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Re: Physics / Philosophy - Books suggestions

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As a fellow novice in the vast world of philosophy, allow me attempt to share some of what I have so far found helpful. I have taken 2 introductory philosophy classes (philosophy of ethics and philosophy of minds) and learned that one can philosophize about anything. I have also taken history of the Far East and noticed that the Eastern philosophies and Western philosophies sprouted at about the same time, but I have yet to find anything that studies the 2 branches together. I am presently taking a Physics class, and I have discovered that I am glad I have a husband who reads about Physics as a hobby.Here are 2 links that list important names, theories, and terminology in ABC order with descriptions of most of them. Stanford Encyclopedia fo PhilosophyDictionary of Philosophy of MindThere are so many branches of philosophy that you might want to start with what you want to know and work from there. The book I found most useful for Western Philosophy was "The Philosophers: Introducing Great Western Thinkers" edited by Ted Honderich. This book has 3 to 5 pages on each of 28 Western Philosophers from Socrates forward that really helped me understand better how each one built on what philosophers before him thought.What has most helped me with Eastern Philosophy is taking a history class covering the area. Those philosophies dealt with slightly different ideas that were implemented in different ways than Western, and it really helped to learn about it in terms of the culture and how each affected the other. The most helpful was learning the basic differences and roots of Confucianism, Taoism, Buddhism, and other less well known schools of thought or religions.So I guess that I would recommend reading an overview of both Eastern and Western Philosophies for a start, and go from there. I simply went to the library and used the Dewey Decimal system to find the Western Thinkers book, and it turned out very nicely.I just want to tack on my last Philosophy teacher's personal definition of philosophy cuz I liked it: Philosophy is the questioning of our (daily) assumptions about life. Are we justified in holding these assumptions?I sure hope something out of this jumble strikes a chord!
fpla83

philosophy suggestions

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First of all I would suggest reading Plato's Republic for this is the cornerstone for philosophical thought. Other books such as Kant's Theory of Logic, Nietzsche's Beyond Good and Evil and Nausea by Jean-Paul Sartre will give you a glimpse into some more recent philosophy.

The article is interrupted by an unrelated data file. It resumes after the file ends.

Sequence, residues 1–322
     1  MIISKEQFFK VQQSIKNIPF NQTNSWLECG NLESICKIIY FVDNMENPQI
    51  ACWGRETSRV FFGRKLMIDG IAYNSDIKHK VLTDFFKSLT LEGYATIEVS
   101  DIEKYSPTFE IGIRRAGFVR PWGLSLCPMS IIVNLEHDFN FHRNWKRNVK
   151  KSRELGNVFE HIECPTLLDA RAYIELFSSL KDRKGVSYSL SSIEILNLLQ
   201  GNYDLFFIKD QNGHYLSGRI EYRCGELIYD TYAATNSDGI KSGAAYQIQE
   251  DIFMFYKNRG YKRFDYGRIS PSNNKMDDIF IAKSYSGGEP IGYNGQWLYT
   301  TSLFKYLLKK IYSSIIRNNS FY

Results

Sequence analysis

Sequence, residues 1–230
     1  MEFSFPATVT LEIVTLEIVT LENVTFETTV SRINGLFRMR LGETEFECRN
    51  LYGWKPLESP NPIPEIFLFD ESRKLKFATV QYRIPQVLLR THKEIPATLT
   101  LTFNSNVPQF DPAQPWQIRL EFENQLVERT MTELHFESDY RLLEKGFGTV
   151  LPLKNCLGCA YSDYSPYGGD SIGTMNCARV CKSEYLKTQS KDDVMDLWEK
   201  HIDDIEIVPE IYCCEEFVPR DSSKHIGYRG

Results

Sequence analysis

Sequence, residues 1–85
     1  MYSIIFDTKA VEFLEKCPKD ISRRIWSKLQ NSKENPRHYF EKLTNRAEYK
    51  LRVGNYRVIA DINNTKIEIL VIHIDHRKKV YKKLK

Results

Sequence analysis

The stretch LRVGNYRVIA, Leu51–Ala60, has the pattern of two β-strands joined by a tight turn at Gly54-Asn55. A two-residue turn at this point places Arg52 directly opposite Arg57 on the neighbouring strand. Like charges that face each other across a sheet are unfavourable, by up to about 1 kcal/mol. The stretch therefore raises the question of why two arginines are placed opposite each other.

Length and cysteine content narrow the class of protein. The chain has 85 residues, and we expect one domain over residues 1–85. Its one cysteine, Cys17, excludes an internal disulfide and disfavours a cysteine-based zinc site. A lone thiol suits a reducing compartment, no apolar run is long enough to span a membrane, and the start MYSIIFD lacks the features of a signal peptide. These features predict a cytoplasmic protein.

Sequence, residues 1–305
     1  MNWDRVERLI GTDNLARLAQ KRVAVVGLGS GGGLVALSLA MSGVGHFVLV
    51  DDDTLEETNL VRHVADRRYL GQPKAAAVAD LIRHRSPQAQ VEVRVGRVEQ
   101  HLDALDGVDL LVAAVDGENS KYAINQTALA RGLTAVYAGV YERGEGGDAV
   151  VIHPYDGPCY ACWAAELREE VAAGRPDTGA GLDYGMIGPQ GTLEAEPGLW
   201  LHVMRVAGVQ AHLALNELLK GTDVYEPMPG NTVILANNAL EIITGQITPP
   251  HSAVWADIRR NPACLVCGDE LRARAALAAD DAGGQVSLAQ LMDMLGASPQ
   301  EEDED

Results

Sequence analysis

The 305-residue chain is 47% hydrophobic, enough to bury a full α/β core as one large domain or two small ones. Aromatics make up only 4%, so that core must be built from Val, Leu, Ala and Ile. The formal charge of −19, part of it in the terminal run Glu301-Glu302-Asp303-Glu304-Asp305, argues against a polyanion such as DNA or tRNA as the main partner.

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wrkelly
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Re: philosophy suggestions

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Bah! At most, it could be the cornerstone of western philosophical thought, but some might even argue with that.
RickU

Re: Physics / Philosophy - Books suggestions

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Oh, and I didn't add my philosophy picks.Ayn RandTake your pick, Fountainhead orAtlas ShruggedHermann HesseJust about anything is good but Siddartha is a good classic startHeinlein (technically sci-fi)JOB: A comedy of JusticeStranger in a Strange LandThe Number of the BeastNiven/Pournelle (also technically sci-fi)Inferno (may be out of print, check your local used book store)Edited to eliminate confusion..I didn't mean to imply that Siddartha was a bad book Edited by: RickU at: 7/1/04 12:06 am
RickU

adding on

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I'd like to add Hacking Matter by Will Mccarthy. Good basic instruction on the differences between Newtonian and Quantum physics...and then cool/interesting applications of quantum dots.
SunSprite86

Re: Physics / Philosophy - Books suggestions

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I'm glad this question came up, since it brought in so many recommendations. I'll have to work my way through the list as time allows.Since you liked Brian Greene, you might try his new book, FABRIC OF THE COSMOS. It was one of the books nominated for the past reading selection - and part of what caught my interest in this website.I haven't read ELEGANT UNIVERSE, so I can't say how much it may overlap what you're already reading. Amazon has descriptions of both.Karen